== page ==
Using image theory, we presented a theoretical framework for examining the influence of organizational culture on decision making. Then we presented four studies that tested some implications of the theory.
Study 1 found that the OCS is sensitive to cultural fragmentation, in that it produced different results for two organizations that, on prior grounds, were expected to differ in fragmentation.
Study 2 found support for the hypothesis that the decisions of an organization's members are influenced by the degree to which the features of the options are compatible with the features the organization's own culture.
Study 3 found that an organization's members are more likely to endorse a management decision if the features of the decision are compatible with the features of the organization's culture.
Study 4 found that the greater the difference between subjects' assessments of an organization's culture as they perceived it to be now and as they thought it actually ought to be, the less committed they reported themselves to be to the organization, the less satisfied they reported themselves to be with their jobs, and the more inclined they reported themselves to be to leave their jobs. These results are similar to those obtained by O'Reilly, Chatman, and Caldwell ( 1991) for the relationship between person-organization fit and satisfaction and inclination to leave, as well as those cited previously by Shockley-Zalabak and Morley ( 1989) for the relationship between the size of the discrepancy between ideal organizational life and perceived organizational life on the one hand and employees' satisfaction with the organization and estimations of its quality and overall effectiveness on the other. The results also echo the results obtained by Bissell and Beach (chapter 5, this volume) for the discrepancy between ideal supervision and perceived supervision on the one hand and job and organizational satisfaction on the other.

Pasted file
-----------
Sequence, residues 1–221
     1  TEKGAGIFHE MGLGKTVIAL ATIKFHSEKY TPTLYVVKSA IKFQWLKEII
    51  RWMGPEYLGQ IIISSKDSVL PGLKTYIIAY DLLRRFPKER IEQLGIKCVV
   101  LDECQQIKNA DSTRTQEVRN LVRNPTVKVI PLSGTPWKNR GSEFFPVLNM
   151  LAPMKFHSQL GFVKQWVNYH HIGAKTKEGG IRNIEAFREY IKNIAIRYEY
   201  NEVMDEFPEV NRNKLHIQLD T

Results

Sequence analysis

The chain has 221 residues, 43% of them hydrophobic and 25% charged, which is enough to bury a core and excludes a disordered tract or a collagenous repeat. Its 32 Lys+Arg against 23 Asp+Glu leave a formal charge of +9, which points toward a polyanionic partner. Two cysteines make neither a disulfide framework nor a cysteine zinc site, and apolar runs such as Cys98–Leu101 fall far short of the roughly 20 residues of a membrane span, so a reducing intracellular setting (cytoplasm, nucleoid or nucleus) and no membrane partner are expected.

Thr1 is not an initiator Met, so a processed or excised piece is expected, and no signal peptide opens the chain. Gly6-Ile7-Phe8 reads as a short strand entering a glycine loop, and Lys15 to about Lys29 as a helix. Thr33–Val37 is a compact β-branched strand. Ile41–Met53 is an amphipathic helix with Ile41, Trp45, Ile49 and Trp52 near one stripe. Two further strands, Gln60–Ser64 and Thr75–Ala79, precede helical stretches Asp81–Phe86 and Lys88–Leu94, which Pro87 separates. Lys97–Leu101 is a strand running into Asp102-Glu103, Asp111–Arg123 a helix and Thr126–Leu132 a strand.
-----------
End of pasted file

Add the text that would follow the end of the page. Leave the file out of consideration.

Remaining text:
While acknowledging that there is much to be done and that these experiments are preliminary, we conclude from these results that the image theory characterization of organizational culture and its influence on decision making holds promise for further research on organizational decision making. Moreover, by tying culture to decision making, the practical, managerial implications of studying culture become clearer. For example, in light of the trend in business to flatten organizational hierarchies and empower lower-level employees, the role of culture as a metalevel coordinator of decision making becomes of considerable interest. The research we